We continue PBT’s 2016-17 NBA preview series, 51 Questions. Between now and the start of the NBA season we will tackle 51 questions we cannot wait to see answered during the upcoming NBA season. We will delve into one almost every day between now and the start of the season (we’re taking some weekends off). Today:
Does Chandler Parsons have the talent (and health) to change the Grizzlies’ course?
For three consecutive seasons, the Memphis Grizzlies had won at least 50 games and were a tough out in the playoffs. They seemed just some shooting away from being a contender. However, last season the Grizzlies slipped to 42 wins, and there was one simple reason: Injuries.
The Grizzlies had 28 players come through their roster over the course of last season, an NBA record. Guys were going down faster than a Lord of the Rings movie. And it wasn’t just back end guys, key players out injured. Marc Gasol missed 30 games with a broken foot. Mike Conley missed 20 games with Achilles tendonitis (and still got a record NBA contract). Zach Randolph missed 29 games and looked like a guy losing his race with Father Time.
To change this course, the Grizzlies have turned to a man who had two right knee surgeries in the last 18 months.
Does Chandler Parsons have the talent to change the Grizzlies course? Yes.
Does Chandler Parsons have the health to execute that change? That’s what the Grizzlies are betting on.
Parsons brings more than a pretty face, he brings what the Grizzlies have needed on the wing for some time. First, he’s strong on the catch-and-shoot, and he is a willing shooter from beyond the arc — he shot 41.4 percent from three last season until his injury (for his career he’s 38 percent from three). When Conley is running the pick-and-roll with Gasol or another big (Brandan Wright, perhaps) opponents can’t help off Parsons or they pay.
More than that, Parsons is also a second ball handler on the perimeter for the Grizzlies. For years the shooters the Grizzlies brought in (who never quite panned out) didn’t have this dimension. Parsons can create his own shot. All the weight of shot creation no longer falls on the combination of Conley’s drives and Gasol’s passing. Part of the reason Parsons chose Memphis over Portland (for the exact same $94 million contract) is the chance to get the ball in his hands more often. Parsons is going to be handed the keys to the offense far more in Memphis than he saw in Dallas.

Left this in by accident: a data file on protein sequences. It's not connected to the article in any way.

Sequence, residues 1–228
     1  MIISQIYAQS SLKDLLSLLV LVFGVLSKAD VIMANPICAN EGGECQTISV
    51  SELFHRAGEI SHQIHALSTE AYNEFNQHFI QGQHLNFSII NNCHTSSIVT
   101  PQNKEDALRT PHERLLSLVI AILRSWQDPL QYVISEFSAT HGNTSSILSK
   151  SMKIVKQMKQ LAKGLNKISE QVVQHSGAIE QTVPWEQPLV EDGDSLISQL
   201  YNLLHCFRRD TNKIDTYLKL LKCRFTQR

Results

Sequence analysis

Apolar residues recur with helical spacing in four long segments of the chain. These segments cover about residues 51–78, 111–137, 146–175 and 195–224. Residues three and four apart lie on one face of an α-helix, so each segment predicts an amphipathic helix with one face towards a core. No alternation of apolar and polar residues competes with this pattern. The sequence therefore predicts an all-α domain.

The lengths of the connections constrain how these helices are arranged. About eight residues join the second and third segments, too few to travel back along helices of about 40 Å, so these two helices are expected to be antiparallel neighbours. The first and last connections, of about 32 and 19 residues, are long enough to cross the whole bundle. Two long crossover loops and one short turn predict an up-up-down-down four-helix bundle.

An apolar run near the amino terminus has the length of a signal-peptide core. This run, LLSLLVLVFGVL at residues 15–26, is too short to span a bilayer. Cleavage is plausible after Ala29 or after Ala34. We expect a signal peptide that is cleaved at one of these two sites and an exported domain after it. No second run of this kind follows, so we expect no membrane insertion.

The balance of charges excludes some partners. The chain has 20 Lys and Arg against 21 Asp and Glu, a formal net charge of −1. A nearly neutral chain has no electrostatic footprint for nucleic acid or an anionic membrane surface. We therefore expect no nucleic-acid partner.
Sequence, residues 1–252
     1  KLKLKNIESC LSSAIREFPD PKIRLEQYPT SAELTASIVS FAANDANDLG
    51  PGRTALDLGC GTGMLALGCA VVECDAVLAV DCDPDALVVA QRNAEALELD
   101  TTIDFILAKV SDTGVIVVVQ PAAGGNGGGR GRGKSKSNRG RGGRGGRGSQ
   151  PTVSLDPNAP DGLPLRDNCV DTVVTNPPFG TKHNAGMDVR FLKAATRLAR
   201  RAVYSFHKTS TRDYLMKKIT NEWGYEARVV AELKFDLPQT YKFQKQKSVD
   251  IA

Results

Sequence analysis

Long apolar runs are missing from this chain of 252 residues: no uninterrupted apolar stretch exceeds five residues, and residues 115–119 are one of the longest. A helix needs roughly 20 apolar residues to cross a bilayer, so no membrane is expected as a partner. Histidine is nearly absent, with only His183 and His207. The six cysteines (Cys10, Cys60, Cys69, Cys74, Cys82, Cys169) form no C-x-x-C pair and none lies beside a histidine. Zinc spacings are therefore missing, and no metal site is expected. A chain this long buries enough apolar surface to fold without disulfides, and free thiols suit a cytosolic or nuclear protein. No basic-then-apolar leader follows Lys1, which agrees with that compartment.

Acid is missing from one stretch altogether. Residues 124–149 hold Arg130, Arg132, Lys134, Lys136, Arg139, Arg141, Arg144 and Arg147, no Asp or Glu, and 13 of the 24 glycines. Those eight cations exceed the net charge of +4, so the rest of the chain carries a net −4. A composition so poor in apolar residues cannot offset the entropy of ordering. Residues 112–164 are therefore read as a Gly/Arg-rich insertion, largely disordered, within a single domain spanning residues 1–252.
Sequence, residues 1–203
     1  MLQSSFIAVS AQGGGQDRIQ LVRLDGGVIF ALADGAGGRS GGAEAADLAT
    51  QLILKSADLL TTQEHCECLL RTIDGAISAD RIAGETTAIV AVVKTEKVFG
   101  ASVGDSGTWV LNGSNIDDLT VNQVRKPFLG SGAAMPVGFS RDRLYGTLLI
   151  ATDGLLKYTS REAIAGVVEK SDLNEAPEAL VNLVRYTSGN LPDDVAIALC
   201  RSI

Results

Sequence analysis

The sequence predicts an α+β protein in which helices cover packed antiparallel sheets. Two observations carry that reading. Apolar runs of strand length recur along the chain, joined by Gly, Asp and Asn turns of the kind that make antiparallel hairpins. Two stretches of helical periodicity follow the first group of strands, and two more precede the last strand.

Finally, Parsons is also a solid defender, so that part of the Grizzlies’ identity will not change with new coach David Fizdale. Memphis has strong defenders in Conley and Tony Allen on the perimeter, Parsons will defend some threes and fours (depending on matchups) but has shown he can do this fairly well.
It’s easy to picture a Grizzlies team where Parsons is the key third offensive player that opens things up for Gasol and Conley. Parsons can play the three or a small ball four and that gives Fizdale lineup and matchup options.
With Parsons, on paper, the Grizzlies return to being a 50-win team that is a tough out in the playoffs. He may have a pretty face, but he’s a perfect fit for “grit ‘n grind.”
The only question is can Memphis keep Parsons and the rest of their stars on the court?
Gasol skipped the Olympics and reportedly is doing well with his rehab, but foot issues and big men are a scary combination. Was Conley’s Achilles tendonitis a one-off thing that needed rest, or the first signs of a guy who will battle this for years as his body starts to slow down over the course of his new deal? How much does Zach Randolph have left in the tank? A guy whose game has always been below the rim can age fast when he loses half a step.
Then there is Parson’s surgically reconstructed right knee. Two seasons ago he had hybrid microfracture surgery on it, then last season he tore the meniscus in the same knee. He has done is rehab and says he’s good to go. Still, is the knee stable enough to take on a larger load for 82 games?
Memphis could have looked at last season and said “it’s time for a total rebuild,” torn the team apart, traded for picks and young players, and moved on from grit ‘n grind. They didn’t. They finally got the wing shooter and shot creator they have been seeking for years, and they got the rest of the band back together.
Parsons has the talent to lift the Grizzlies up.
Whether or not his body will let him do it is the question.